Putting last things first

"A church that ceases to await the Lord's coming soon ceases to be a church."

Stanislaw Dabrowski is president of the Polish Union Conference of Seventhday Adventists.


As events in the world point to the approaching climax of history, our faith in Christ's second coming should increase. Not only does this great hope and expectation fill the hearts of Seventh-day Adventist Christians, but it also has come to be a focus of research among scholars of other denominations.

Dr. Jelinek, a noted Lutheran theologian, wrote of his convictions about the Second Advent in his book, O istocie ewangelicyzmie ("The Essence of Evangelical Thought"). Referring to the angels' promise to the disciples who had just watched the Lord ascend to the skies, "This same Jesus, which is taken up from you into heaven, shall so come in like manner as ye have seen him go into heaven" (Acts 1:11), Jelinek said that he and his fellow Christians had to be reminded by Adventists that a church that ceases to await the Lord's coming soon ceases to be a church. Giving up such a faith, he said, has always been a sign of a church's impending fall.

An American theologian, Father Godfrey Dickman, cited in the Polish Catholic press, declared that the main thrust of the Bible is the second coming of Christ. He felt that this teaching emphasized the wholeness of each person, who would experience the great event with all his faculties.

In Poland the United Evangelical Christian Church, which also includes Pentecostal congregations, now emphasizes that one who pro claims the whole gospel will pro claim the second coming of Christ. Their monthly magazine, A Christian, carries frequent articles about the prophecies, signs, and events that proclaim the nearness of our Saviour's coming. Where churches understand the significance of Christ's return they experience a dynamic evangelistic impulse.

One of the foremost Polish theologians, from the Lublin Roman Catholic University, Alfonso Skowronek, in his article entitled "Eschatological Forms of Future Theology" (published in the journal Ateneum Kaplanskie, volume 381/372) lamented that Catholic theologians and educators had given little place to Biblical teachings about eschatology and last-day events. He felt that both Catholics and Protestants were beginning to pay more attention to this doctrine, and that it might be a means of bringing about a new ecumenism.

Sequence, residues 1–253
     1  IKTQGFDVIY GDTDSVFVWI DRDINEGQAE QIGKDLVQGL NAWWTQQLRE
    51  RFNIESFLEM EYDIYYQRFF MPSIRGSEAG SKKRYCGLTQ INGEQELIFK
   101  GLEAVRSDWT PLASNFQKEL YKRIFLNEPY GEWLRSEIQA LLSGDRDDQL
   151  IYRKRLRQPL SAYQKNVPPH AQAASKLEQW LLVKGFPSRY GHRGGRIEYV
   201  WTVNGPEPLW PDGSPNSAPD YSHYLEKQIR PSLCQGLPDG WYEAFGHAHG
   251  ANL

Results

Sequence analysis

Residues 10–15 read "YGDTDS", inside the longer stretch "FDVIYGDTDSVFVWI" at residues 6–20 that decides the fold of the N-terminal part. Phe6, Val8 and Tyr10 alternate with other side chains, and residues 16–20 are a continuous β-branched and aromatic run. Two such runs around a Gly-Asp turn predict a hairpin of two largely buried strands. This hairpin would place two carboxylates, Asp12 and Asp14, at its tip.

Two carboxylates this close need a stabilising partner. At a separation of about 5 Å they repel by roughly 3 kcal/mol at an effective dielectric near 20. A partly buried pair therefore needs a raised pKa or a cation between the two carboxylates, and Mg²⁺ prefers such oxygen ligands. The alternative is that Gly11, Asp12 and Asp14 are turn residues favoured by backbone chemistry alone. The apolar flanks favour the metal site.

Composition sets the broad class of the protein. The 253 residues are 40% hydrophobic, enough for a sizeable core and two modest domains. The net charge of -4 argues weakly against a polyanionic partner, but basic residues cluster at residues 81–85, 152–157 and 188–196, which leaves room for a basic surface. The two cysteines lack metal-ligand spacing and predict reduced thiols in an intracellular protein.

Adventists have always found a great source of inspiration and courage in the promise of Christ's return, and now people of good will in many other churches are finding joy in awaiting His coming. When Christ gave His great commission, "This gospel of the kingdom shall be preached in all the world for a witness unto all nations; and then shall the end come" (Matt. 24:14), He erected a banner under which His followers in all faiths may mobilize their energies to accomplish His purposes.

As the various denominations are attracted to the teachings of Christ's return, Christ's prayer to His Father takes on special meaning: "Sanctify them through thy truth: thy word is truth. As thou hast sent me into the world, even so have I also sent them into the world" (John 17:17, 18). Believers in the soon coming of Christ everywhere have a grave responsibility to demonstrate their faith, as Peter admonished them, "Be ready always to give an answer to every man that asketh you a reason of the hope that is in you with meekness and fear" (1 Peter 3:15).

In Poland we have greatly appreciated the appeal that has come from the General Conference to prepare ourselves and our churches for the outpouring of the Holy Spirit. We have published this appeal in our church paper, The Church's Servant, and have sent it to all workers and believers with an earnest re quest that they accept it as a pro gram for future evangelistic and pastoral efforts. We believe that this is an invitation to become involved more fully in the work of God. We were greatly impressed by the call sent out to our church members everywhere "to join hands with conference workers and church officers in a great revival and reformation that will enable God to reveal His power and glory to a needy, desperate world" (Review and Herald, Dec. 6, 1973, p. 5). In several churches across Poland, we have started prayer groups, trusting that the promise given through the prophet Joel and repeated in Acts 2:17 and 18 might be fulfilled in them.

The Polish church is also circulating a translation of the pamphlet "Preparation for the Latter Rain," compiled by B. E. Wagner, which has been a great help in our study of the last-day events. It has also strengthened our faith in the Second Advent and helped prepare church 'members for the task given to us to proclaim the gospel of our Lord.

We strongly believe that the promise implied in the parable of Matthew 25:6 will be fulfilled in our day: "At midnight there was a cry made, Behold, the bridegroom cometh; go ye out to meet him." We also believe that in this hope lies the real catholicity of faith in the world, and a basis for a truly ecumenical movement. The future and livelihood of His church lies in the hands of the Saviour who is soon to make His second appearing. Our most important task is to do our utmost to prepare everyone possible for this great event, through, earnest and well-trained evangelism and pastoral work, through education and sound theological reasoning, and through heartfelt personal invitations, so that all may rejoice in the Christ who promises, "Surely I come quickly" (Rev. 22:20).

Article translated by Ray Dabrowski, managing editor of Znaki Czasu (Polish "Signs of the Times").

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Stanislaw Dabrowski is president of the Polish Union Conference of Seventhday Adventists.

April 1978

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